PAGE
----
The farming industry says it's more logical that it leads the transition to agricultural emission pricing than having a new centralised levy.
Under a plan being considered by the government, farmers would start paying for emissions from next year, and be brought fully into the emissions trading scheme (ETS) from 2025.
The $50 million generated annually would be invested in technology and systems to help farmers reduce and measure emissions.
But farming leaders have proposed an alternative approach funded and led by the agriculture sector.
The Interim Climate Change Committee, in a report released yesterday, proposed a system of levies on individual farms, with rebates payable later, as a reward for good environmental practice.
"Farmers need to be able to measure and manage emissions from their own livestock on their own farms," Chairperson David Prentice said.
"But there is significant work involved in developing accounting and reporting systems to enable this.
"We estimate this to be at least five years off.
"So what do we do in the interim? We proposed an initial step over the next five years to price emissions at processor level through the emissions trading scheme."
But farmers want the levy-rebate scheme as soon as possible, and the emissions trading scheme ditched as an interim measure.
An alternative proposal put forward by eleven farming sector groups would have research in new technologies to lower emissions funded by levies they already pay pay to Federated Farmers, Dairy NZ and NZ Beef and Lamb.
"It's much easier to integrate this stuff with what the industry's already doing rather than going and collecting a whole bunch of money off the farmers and then trying to recreate or thrown that money to what's already going on," Federated Farmers Vice President Andrew Hoggard said.
National Party leader Simon Bridges told Morning Report there was no point in pricing emissions if farmers had no way of reducing how much gas their animals were producing.
"We will support a pricing or ... agriculture coming in to the ETS if certain criteria are met," he said. The criteria included use of science and technology and considerations about New Zealand's international competitiveness.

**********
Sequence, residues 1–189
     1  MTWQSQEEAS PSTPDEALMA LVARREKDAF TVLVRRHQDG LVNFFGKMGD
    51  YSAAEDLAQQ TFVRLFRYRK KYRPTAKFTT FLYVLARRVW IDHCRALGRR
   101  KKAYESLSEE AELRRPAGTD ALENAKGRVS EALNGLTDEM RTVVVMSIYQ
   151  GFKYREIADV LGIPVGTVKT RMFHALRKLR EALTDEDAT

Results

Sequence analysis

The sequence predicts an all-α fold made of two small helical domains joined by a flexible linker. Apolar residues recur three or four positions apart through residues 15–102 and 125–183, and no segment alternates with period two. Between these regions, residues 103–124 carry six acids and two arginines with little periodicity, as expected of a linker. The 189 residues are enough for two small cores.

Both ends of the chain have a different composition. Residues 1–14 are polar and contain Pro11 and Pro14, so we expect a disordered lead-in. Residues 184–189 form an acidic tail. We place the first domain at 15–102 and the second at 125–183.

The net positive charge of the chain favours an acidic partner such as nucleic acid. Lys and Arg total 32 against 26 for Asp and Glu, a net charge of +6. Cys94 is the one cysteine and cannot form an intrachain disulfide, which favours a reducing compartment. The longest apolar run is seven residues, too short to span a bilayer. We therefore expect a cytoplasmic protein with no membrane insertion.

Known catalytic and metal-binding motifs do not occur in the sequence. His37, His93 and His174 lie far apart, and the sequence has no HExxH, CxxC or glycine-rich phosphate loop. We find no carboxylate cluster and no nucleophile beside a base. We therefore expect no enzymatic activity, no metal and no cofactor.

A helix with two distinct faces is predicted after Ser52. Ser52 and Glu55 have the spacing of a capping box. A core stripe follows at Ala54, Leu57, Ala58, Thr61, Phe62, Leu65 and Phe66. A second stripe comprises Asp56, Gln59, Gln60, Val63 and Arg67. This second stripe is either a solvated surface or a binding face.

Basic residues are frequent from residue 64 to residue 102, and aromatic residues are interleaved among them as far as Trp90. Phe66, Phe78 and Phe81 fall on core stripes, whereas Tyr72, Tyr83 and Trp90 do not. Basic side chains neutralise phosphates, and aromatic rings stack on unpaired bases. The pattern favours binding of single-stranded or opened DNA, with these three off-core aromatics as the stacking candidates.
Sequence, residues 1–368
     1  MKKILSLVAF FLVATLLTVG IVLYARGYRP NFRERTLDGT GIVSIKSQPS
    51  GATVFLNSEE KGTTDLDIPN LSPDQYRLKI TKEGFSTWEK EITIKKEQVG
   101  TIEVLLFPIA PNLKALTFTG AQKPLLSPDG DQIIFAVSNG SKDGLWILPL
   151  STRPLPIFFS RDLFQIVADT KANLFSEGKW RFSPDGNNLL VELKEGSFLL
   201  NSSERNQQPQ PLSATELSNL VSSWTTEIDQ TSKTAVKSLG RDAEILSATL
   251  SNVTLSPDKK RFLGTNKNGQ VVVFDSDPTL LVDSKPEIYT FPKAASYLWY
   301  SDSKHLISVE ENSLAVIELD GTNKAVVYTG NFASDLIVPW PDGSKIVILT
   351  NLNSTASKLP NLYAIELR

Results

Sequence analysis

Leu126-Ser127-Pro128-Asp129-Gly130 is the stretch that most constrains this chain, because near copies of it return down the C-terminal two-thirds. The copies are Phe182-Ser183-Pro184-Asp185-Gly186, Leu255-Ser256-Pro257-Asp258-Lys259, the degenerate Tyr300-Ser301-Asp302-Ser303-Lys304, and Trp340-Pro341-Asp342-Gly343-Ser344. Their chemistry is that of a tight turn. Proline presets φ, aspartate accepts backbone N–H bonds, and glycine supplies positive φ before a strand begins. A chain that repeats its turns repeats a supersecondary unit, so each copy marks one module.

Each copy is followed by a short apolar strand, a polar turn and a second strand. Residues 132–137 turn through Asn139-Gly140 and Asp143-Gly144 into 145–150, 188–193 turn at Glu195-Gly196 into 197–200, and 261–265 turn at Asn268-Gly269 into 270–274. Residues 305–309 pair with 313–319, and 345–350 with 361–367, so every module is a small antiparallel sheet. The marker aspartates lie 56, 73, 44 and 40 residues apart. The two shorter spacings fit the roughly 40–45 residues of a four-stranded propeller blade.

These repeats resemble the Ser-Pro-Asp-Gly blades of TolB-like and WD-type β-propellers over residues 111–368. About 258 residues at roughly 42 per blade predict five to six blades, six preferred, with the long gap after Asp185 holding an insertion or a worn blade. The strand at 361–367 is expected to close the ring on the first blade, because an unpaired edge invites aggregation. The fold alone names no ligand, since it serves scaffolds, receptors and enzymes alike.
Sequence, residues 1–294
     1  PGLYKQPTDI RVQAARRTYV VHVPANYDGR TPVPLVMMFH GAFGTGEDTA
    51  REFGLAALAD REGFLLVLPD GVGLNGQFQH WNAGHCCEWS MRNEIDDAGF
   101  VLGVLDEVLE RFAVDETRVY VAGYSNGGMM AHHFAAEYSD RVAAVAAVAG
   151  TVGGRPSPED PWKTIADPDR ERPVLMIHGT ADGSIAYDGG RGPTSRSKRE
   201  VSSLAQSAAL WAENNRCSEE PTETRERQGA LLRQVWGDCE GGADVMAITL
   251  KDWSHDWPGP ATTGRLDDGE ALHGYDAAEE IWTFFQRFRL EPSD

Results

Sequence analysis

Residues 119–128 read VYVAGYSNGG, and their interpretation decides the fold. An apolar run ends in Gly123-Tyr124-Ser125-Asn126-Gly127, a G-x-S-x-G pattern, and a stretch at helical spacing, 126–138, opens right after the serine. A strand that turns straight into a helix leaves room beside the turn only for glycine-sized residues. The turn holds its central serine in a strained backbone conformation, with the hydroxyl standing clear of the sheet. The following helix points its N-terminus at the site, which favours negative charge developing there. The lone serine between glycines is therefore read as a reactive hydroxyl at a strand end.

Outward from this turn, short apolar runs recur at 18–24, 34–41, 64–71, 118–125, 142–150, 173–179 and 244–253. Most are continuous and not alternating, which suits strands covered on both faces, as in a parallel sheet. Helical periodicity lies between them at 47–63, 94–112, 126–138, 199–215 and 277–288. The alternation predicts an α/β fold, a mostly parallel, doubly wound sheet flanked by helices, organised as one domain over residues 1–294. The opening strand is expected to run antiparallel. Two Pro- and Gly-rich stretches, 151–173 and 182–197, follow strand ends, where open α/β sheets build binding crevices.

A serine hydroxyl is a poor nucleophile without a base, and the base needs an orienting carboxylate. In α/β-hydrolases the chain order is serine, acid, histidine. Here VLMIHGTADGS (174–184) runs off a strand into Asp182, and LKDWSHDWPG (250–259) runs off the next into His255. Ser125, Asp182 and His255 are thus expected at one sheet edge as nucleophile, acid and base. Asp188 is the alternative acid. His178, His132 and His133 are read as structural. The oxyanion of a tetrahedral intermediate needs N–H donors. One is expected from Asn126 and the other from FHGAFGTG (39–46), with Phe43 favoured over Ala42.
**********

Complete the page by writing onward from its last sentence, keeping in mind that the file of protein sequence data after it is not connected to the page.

"That means actually investing in the science and the technology and the on farm tools.
"There may well be a price, it may well be agriculture comes into the ETS in due course, but I think we've got to work with farmers in an accord along the way before we get to that.
Mr Bridges said the technology might not be ready by 2025, when it is suggested farmers are brought fully into the emissions trading scheme, and the National Party would modernise the rules on biotechnology or genetic modification.
Under New Zealand First's coalition agreement, farmers will have to foot the bill for only 5 percent of their emissions from 2025 .
Victoria University professor of climate change Dave Frame said this 95 percent discount could undermine the whole scheme.
"It would be such a weak pricing it would do very little to change behaviour."
Greenpeace executive director Russel Norman said paying for 5 percent of emissions was too low for such a large, profitable industry, with a significant environmental footprint.
Dr Norman said the shift to intensive dairying over the last two decades had been possible only because farmers hadn't had to pay for their impact on fresh water or the climate.
Harry Clark, director of the Agricultural Greenhouse Gas Research Centre and a member of the ICCC, said requiring farmers to meet the full cost of emissions from their animals would put massive pressure on rural communities.
[audio' https://www.rnz.co.nz/national/programmes/ninetonoon/audio/2018704471/iccc-report-farmers-to-pay-for-some-emissions-by-2025 'Rural communities could suffer' - Harry Clark
The proposed subsidy was about creating a safety net, he said.
"It's 30,000 individual farming families who bear the cost," he told Nine to Noon.
"They can't necessarily pass on the costs of greenhouse gases - rural communities could suffer.
"Many industries under pricing policies have received what they term free allocation to ease the transition to a pricing mechanism."
The government would decide when to start reducing the subsity but it was possible new technology would lessen the need for it in time.